Empowering Neighborhood Ambassadors Through English Language Teaching
by Lisa Vaughn and Xavier Muñoz
The English Empowerment Center has partnered with Fairfax County’s Opportunity Neighborhoods program to build essential language and digital literacy skills for their Neighborhood Ambassadors. Ambassadors are residents who act as a bridge between the vulnerable communities in which they live and local government and nonprofit organizations in the region. Ambassadors share information, identify needs, raise awareness of available services, and advocate for their neighbors and community.
In this article, we share about the group of 10 neighborhood ambassadors who completed the English Empowerment Center’s English for Community Engagement course in 2022.
“Today I feel like I am a part of this country because I can give something back.” – English for Community Engagement participant
Opportunity Neighborhood leaders approached the English Empowerment Center knowing that, with English language instruction, these ambassadors could better express concerns and advocate for their communities. Opportunity Neighborhoods leadership recognizes the importance of building ambassadors’ skills to fully represent community voices. As one ambassador stated, “I really want to have the same conversation I have with English speakers as I do with Spanish neighbors because they are human just like me.” Watch the full speech this ambassador gave at an English Empowerment Center event.
In the first cohort of English for Community Engagement, the ambassadors were all native Spanish speakers, with 8 of the 10 having children of their own. Through 50 hours of instruction spanning 10 weeks on Zoom, intermediate- and beginning-level classes learned strategies to communicate clearly, actively listen, interpret information, and participate confidently in community meetings. The teacher used active learning strategies such as role plays, presentations, and small group work. Learners in the beginning class were offered 22 hours of supplemental tutoring.
In the culminating project, each learner prepared a presentation on either a community problem and potential solution or how their work as ambassadors has helped residents. Presentations covered topics like COVID-19 vaccinations, installing crosswalks, overcoming language barriers, boosting community involvement, accessing resources, and being a voice for neighbors. Learners practiced their digital literacy skills by sharing slides and photos over Zoom.
“This class helped me to empower myself.” – English for Community Engagement participant
With the right resources and support, neighborhood ambassadors are equipped to create change. As one ambassador shared, “The problem in my community is the silence that many times [people] do not express their problems since the language is a barrier.” This English course moves ambassadors and their communities from silence to action.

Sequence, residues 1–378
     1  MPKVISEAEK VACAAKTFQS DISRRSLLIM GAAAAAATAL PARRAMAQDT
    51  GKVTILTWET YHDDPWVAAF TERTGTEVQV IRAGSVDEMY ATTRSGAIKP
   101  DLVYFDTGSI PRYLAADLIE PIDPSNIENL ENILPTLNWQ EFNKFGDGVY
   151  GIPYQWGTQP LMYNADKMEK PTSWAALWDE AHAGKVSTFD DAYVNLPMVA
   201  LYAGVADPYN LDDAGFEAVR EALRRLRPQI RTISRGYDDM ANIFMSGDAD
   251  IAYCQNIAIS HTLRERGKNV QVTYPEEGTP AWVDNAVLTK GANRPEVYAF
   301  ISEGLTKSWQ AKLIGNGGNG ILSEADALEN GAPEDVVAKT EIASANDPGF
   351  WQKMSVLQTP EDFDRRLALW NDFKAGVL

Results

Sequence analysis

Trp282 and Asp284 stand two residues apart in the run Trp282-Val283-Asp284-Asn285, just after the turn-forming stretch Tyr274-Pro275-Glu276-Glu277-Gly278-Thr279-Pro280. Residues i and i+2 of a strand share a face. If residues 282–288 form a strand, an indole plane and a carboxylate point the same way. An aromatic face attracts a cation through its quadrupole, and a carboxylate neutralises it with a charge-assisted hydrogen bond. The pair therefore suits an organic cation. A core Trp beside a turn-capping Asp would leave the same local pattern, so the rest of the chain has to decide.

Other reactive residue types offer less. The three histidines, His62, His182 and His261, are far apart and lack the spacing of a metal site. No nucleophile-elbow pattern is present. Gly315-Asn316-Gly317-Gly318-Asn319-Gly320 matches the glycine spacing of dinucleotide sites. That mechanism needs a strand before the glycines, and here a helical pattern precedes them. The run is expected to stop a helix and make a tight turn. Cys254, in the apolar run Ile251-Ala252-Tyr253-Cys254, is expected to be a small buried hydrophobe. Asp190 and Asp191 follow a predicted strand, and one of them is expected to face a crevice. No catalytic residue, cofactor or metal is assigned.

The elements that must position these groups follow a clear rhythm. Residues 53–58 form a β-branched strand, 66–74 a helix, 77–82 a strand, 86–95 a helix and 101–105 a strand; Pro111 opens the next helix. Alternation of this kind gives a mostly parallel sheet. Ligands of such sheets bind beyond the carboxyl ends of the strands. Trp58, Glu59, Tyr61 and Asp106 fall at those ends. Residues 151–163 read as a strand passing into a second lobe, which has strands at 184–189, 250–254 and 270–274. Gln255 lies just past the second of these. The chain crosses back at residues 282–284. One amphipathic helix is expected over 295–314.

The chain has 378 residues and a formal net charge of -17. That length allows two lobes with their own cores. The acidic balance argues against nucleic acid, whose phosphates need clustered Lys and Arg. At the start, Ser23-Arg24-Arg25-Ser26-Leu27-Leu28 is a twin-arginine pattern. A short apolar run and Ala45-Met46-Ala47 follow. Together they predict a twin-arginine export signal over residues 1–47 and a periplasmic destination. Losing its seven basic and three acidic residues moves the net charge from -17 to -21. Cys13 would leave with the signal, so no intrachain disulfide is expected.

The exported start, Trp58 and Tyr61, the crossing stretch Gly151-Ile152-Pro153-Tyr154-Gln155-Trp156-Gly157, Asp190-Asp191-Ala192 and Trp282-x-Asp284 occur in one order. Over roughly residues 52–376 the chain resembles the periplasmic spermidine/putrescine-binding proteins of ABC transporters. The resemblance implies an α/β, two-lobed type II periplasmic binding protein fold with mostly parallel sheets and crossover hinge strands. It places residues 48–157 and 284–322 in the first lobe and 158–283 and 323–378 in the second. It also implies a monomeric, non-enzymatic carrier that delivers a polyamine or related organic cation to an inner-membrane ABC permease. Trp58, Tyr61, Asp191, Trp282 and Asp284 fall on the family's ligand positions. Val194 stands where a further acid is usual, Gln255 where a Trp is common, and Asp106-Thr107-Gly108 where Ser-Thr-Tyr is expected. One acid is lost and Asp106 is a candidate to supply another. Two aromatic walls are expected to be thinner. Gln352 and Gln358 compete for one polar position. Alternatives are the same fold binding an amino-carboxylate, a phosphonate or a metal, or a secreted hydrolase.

After the first cohort of classes, our partner shared an example of a class participant taking community action. At a county meeting, an agenda item directly impacting her community was being discussed but no translators were present to facilitate participation from speakers of language other than English. Recognizing this gap, she assertively voiced the concern, leading to the meeting chair promptly postponing the session and committing to have translators present at the rescheduled meeting. Our Opportunity Neighborhood partner credited the practice and training received in our class for the ambassador to feel comfortable insisting on the equitable representation of her community.
“There is always another [adult learner] who is hiding in the shadow. But if you encourage her, if you motivate her, she’s going to shine.” – English for Community Engagement participant
We encourage readers of PROGRESS to seek out or advocate for grassroots initiatives in your own regions or consider how to integrate and contextualize instruction to include community and political participation. In partnership, we can upskill local changemakers to raise up the voices of those marginalized by systemic inequalities.
English for Community Engagement was customized for Fairfax County Opportunity Neighborhoods as part of the English Empowerment Center’s Destination Workforce® program. Through Destination Workforce®; we design, test, and deliver scalable language-based workforce training for business, government, or community partners.
Lisa Vaughn, B.S.W., M.P.A., is the Community and Donor Relations Manager for the English Empowerment Center, formerly Literacy Council of Northern Virginia (Region 8). This work includes fostering relationships to find resources, develop opportunities, and advance equity for English language learners throughout the region. In various roles across the country, she has spent more than 13 years partnering with schools, nonprofits, businesses, faith communities, and local governments—working together to build strong communities.
As the Director of Academic Programs and Student Services at the English Empowerment Center (Region 8), Xavier Muñoz (he/him) oversees adult English language acquisition, family literacy, and workplace literacy classes as well as distance learning, digital literacy, and student advising initiatives. He has more than 10 years of adult ESOL experience as an instructor, tester, teacher educator, and Integrated English Literacy and Civics Education (IELCE) program manager.